bitcoin, Puerto Rico-based Arival Bank Integrates Crypto Exchanges

Puerto Rico-based Arival Bank Integrates Crypto Exchanges

A de facto fintech crypto-friendly startup Arival Bank is preparing to launch beta testing on Thursday. The Puerto Rico-based firm now has a team of 20 with offices in Singapore and Miami, Florida as well.

However, you might need to show what’s in your wallet to bank with Arival. This allows its blockchain (provided by the analysis firm Elliptic) to scan through transactions to see if there are any suspicious transactions through users’ wallets.

According to the firm’s co-founder and CEO Jeremy Berger, this is to ensure that their clients are regulated and legally compliant issuers because the firm has no intention of servicing them otherwise.

The beta stage allows clients to open a business account exclusively with Arival. In the blockchain, they can park and transfer funds around the world whenever they need it.

The firm runs

Future plans involve individual accounts, card issuance, analytics to assist businesses and remittances with different currencies. The firm also plans to integrate lending and deposit, as well as savings products eventually.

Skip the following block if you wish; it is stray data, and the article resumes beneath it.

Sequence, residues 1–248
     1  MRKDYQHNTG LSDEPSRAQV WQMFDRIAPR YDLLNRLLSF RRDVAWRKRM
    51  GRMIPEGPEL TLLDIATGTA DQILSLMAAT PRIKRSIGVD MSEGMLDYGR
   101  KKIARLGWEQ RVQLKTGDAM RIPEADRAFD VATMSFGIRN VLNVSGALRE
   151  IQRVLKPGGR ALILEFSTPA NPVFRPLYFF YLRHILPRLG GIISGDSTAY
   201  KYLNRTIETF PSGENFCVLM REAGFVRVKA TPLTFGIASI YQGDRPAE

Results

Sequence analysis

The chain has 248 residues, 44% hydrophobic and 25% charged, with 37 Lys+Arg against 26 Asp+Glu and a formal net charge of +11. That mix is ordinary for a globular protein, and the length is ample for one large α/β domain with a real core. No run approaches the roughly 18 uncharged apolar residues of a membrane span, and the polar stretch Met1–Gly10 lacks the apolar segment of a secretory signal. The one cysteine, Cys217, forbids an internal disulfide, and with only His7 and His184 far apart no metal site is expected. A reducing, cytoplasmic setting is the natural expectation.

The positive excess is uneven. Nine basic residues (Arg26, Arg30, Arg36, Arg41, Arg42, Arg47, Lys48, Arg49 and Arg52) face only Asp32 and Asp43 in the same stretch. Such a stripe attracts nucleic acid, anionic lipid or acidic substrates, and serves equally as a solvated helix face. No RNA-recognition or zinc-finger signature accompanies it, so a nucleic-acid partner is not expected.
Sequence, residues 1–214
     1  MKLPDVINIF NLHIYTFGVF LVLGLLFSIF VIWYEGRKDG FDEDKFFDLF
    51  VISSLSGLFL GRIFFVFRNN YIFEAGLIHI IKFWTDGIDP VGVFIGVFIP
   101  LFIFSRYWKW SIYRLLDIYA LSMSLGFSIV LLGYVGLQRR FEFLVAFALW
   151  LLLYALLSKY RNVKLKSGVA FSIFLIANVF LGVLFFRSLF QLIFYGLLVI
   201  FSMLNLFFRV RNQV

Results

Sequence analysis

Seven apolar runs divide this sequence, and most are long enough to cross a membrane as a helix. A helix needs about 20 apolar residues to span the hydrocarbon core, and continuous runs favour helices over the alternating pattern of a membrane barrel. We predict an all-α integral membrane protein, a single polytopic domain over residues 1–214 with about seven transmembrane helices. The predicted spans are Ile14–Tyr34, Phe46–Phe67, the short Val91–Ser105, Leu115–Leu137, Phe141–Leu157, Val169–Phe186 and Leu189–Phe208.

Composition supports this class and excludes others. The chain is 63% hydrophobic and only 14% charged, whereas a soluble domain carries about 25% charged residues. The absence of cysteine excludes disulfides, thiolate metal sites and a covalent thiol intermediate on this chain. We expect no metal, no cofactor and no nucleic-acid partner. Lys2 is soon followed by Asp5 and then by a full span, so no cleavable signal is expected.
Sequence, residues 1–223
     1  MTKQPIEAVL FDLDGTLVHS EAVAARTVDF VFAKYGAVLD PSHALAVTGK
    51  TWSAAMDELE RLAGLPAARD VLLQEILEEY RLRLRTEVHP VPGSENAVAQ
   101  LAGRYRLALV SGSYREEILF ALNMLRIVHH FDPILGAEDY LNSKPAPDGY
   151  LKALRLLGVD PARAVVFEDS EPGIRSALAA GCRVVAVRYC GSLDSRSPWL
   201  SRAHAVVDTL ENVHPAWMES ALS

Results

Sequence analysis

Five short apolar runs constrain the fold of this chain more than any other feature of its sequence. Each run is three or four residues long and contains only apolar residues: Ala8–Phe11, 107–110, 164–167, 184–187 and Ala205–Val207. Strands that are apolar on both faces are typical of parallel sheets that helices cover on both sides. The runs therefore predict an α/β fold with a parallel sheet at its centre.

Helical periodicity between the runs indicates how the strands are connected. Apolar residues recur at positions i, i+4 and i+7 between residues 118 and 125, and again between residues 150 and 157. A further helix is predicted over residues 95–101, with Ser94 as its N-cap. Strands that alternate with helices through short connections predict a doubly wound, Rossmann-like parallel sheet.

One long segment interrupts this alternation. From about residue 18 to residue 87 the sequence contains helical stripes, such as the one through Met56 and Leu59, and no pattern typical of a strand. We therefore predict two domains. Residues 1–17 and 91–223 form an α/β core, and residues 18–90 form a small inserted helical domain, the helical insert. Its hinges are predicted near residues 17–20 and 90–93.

Meanwhile, Berger is looking forward to venture-backed crypto and fintech startups. These would hopefully allow overseas crypto exchanges to allow dollar deposits even without a US bank account.

It’s Less Private than Most Cryptocurrencies

Transactions with cryptocurrencies are usually anonymous. But Arival’s dealings somewhat prove otherwise. This is due to the uneasy relationship between traditional and crypto markets in accordance with certain laws.

More specifically, the firm has a fear of enforcement actions if regulators find illegal activity in the platform such as money laundering and sanctions violations. The firm’s revenue from these transactions “aren’t enough” to justify these risks, and will only, therefore, work with customers with “due diligence.”

Monitoring these transactions would therefore keep both Arival and its customers safe, as long as the firm’s compliance department would pay attention to where the clients are from, their transaction volumes, and other factors.

User Review
0 (0 votes)


Leave a Reply